The Greek people have had a difficult time deciding under what form of government they wish to live. They have now chosen that Greece is to be a republic, and there is no indication that they will again change their minds.
The dispute between royalists and republicans has marred the domestic peace of Greece and wrecked her international policy ever since the 1915 Venizelist coup d'état which drove King Constantine into exile, established Venizelos at Athens, and in due time led to his appearance at the Paris Peace Conference as Greece's accredited representative. In Paris Venizelos became the most popular of any of the delegates from the smaller states, and proved the most successfully acquisitive of them all. Not even an outline can be given here of the intrigues which led Constantine (following the political defeat of Venizelos late in 1920) to undertake a new war with Turkey in the effort to enforce the execution of the Treaty of Sèvres. The plebiscite which restored Constantine to the throne, though it undoubtedly registered the will of the Greek people at that time, was never accepted by Britain and France, nor by the United States. A military catastrophe followed the desertion of Greece by the same European statesmen who had urged her into the adventure in Asia Minor. Constantine was again expelled, this time for good, and died in Palermo, January 11, 1923. George, who became King on his father's abdication, was tolerated for a time, but on December 19 quit Athens "on leave of absence" at the demand of the Officers' Union. The wisdom of his action was confirmed at the national plebiscite on April 13, 1924, as a result of which Greece definitely became a republic. Venizelos, for his part, seems to have lost less of his hold on the affections of Greece than seemed likely immediately after his signature of the Treaty of Lausanne, which swept away much of the grandiose Greater Hellas which he had constructed at Paris, and though he found he had not the physical strength to retain the personal direction of the government his friends are still in the saddle at Athens, with every prospect of remaining there.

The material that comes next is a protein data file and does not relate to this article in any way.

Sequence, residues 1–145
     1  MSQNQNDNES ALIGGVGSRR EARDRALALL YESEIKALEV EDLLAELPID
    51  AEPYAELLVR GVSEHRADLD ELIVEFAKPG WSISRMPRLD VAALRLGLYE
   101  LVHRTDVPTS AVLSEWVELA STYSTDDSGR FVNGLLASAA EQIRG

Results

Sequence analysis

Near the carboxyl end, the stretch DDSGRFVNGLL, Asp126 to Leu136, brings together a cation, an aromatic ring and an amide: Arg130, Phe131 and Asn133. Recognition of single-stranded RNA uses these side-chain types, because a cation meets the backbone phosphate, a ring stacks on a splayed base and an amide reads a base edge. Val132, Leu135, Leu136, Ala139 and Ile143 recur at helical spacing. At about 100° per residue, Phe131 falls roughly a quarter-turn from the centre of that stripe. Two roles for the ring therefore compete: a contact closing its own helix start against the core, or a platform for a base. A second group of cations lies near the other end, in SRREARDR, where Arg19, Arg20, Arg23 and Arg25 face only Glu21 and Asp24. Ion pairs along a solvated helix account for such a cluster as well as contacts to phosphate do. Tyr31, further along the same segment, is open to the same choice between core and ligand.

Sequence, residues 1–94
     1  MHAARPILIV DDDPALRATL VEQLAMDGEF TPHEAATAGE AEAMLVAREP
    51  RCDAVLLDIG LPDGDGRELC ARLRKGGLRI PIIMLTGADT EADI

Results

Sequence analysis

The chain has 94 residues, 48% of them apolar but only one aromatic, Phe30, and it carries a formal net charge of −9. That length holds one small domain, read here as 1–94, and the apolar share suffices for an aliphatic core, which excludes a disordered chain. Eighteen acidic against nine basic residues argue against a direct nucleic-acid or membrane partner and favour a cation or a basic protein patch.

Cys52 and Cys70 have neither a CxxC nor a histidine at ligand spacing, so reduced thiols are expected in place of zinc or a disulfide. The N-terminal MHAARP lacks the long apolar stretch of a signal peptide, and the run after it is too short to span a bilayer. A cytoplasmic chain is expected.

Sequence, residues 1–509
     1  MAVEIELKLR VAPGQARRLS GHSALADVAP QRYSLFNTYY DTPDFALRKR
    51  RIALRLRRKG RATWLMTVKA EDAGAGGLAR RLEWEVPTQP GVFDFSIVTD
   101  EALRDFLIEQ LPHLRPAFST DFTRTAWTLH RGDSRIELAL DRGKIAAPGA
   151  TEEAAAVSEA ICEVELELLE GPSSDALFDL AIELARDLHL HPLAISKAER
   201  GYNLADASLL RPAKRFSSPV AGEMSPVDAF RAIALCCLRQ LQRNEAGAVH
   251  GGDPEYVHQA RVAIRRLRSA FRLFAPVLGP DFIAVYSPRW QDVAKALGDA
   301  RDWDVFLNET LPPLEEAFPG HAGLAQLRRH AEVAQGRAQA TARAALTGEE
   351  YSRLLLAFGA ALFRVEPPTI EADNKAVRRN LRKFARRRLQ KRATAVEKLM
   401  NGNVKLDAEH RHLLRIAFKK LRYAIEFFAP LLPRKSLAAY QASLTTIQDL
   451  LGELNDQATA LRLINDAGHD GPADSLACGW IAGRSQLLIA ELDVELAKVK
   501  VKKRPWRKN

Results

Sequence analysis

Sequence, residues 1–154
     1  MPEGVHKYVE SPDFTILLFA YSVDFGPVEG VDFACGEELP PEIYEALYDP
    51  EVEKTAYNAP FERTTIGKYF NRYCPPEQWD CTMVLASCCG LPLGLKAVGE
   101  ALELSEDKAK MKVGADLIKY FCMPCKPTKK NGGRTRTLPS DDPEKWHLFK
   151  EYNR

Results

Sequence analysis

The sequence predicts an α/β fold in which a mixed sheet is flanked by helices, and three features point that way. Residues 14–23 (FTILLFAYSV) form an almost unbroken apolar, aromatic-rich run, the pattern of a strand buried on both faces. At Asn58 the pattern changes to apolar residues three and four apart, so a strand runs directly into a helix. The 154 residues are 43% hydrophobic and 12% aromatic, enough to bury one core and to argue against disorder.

As might be expected, these political convulsions, most of them accompanied by fighting and assassinations, and one of them by a wholesale "execution" of former royalist cabinet officers, have left their mark in Greece today. There are signs, however, that the blood feuds of the past few years are gradually being forgotten and that the country is getting forward towards some degree of political stability and strength. No little credit for this is to be given certain of the more moderate adherents of the former Glücksburg dynasty, who are working quietly to secure the whole-hearted acceptance of the present régime by all the former monarchists. They know that only through seas of blood could they bring back King George (for whom, in any case, they have little personal enthusiasm), and that even if they succeeded Greece would meanwhile have vanished.